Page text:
CASINO

Macau arrests 71 accused of loan sharking out of a VIP room

TAGs: loan sharking, Macau

Macau might be best known for its casinos, but it has a dark side as well. Police have announced the arrests of 71 people who were allegedly running a loan shark operation, the Macau Post Daily reports.

Macau arrests 71 accused of loan sharking out of a VIP roomThe arrests were revealed in a February 21 police briefing. The accused were said to have loaned HKD108 million (US$13.8 million) since 2016, bringing in a modest profit of HKD32 million (US$4 million).

The alleged leader of the gang, a 53-year-old Chinese man named Ma, was caught in the arrests. Other leaders of the gang hailed from China as well, with some coming from Macau and Hong Kong, according to the report, while other members of the gang allegedly came from Thailand.

Rather than working out of a dark alley like some kind of shmucks, these guys were classy. Police revealed they were operating out of a VIP room in one of Macau’s casinos, keeping their documentation and profits all in one place.

The gang was apparently well disciplined as well, with clear tasks being assigned and offices designated for training purposes. Gang members who broke rules got a beating with a stick, authorities said. There’s no reporting for the moment that they harassed any of their borrowers.

In June 2018, Macau police made arrests of 113 loan sharks, who were accused of loaning out US$8.92 million, and allegedly would jail gamblers who had not paid their debts. That group operated out of apartment units. Considering this smaller group of 71 loaned out far more, the police have now shut down a far more efficient racket.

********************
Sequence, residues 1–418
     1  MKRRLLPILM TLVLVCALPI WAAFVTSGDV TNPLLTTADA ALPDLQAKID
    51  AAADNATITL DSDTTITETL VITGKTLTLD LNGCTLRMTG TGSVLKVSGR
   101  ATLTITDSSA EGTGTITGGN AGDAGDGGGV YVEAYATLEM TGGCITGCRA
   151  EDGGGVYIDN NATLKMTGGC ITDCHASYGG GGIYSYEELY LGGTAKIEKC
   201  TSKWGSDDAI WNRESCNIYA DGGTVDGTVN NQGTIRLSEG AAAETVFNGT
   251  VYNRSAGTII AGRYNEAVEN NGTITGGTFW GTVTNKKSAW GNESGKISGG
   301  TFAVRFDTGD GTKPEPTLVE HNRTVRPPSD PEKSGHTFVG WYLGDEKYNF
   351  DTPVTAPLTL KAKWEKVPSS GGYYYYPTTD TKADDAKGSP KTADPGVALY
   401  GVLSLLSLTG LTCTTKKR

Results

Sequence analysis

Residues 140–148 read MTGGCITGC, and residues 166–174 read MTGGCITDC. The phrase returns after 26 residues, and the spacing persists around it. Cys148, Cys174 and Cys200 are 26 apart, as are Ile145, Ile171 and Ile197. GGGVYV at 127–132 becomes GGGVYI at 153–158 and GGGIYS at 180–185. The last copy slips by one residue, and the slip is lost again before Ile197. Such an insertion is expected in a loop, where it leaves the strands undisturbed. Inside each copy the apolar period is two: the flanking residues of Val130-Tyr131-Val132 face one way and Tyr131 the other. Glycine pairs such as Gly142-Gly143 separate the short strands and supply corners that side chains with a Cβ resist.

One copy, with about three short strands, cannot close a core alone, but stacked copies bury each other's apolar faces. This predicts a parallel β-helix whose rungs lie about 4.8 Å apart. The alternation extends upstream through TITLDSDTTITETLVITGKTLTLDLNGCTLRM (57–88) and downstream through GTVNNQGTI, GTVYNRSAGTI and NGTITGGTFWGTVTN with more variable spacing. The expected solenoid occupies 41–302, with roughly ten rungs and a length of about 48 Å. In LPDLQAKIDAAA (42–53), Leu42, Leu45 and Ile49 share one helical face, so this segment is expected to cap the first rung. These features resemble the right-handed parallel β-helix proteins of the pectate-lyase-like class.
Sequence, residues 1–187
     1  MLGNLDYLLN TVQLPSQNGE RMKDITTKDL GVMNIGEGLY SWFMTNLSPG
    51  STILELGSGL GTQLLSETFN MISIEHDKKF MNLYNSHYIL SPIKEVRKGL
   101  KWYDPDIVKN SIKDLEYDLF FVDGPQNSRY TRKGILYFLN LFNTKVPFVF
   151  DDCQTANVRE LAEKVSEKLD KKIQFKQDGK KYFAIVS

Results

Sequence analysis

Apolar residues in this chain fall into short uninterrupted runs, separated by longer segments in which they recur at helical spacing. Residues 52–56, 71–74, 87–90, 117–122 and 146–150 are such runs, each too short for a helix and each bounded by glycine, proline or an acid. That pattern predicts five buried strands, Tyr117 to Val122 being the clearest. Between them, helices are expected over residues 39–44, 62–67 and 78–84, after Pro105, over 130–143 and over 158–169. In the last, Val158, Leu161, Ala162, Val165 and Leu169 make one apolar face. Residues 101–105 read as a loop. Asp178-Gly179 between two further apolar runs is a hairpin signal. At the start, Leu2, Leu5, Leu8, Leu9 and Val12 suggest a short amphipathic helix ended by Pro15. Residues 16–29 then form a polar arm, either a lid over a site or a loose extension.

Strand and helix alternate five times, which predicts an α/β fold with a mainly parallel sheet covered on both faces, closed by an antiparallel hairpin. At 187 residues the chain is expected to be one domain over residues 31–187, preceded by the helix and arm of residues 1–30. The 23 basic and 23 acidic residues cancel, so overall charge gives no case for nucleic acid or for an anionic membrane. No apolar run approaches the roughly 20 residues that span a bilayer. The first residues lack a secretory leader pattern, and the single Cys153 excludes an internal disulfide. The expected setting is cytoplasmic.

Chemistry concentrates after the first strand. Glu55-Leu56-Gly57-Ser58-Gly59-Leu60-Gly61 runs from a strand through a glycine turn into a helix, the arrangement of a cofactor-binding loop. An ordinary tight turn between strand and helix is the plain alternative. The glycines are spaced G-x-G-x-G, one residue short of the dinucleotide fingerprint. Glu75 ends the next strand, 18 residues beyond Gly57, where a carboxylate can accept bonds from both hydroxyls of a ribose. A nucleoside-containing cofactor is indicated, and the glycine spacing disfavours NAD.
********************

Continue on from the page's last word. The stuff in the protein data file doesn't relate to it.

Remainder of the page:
This will be juicy news for Ho lat Seng, potential new chief executive of Macau. The Judiciary Police warned in January that crimes ahead of the upcoming concession refreshments will give Macau reason to question some concessionaire refreshments. That fits in beautifully with Ho lat Seng’s reported ambitions to pivot to more Chinese-facing companies.

Two major loan shark operations shut down in less than a year will be seen as a victory for Macau police, but considering there appears to be a clear market for the activity, they will need to stay vigilant. Individual casino operators can’t do much to crack down on something criminals could do out of one-bedroom studio units. They may want to ensure they aren’t in their VIP rooms, though.

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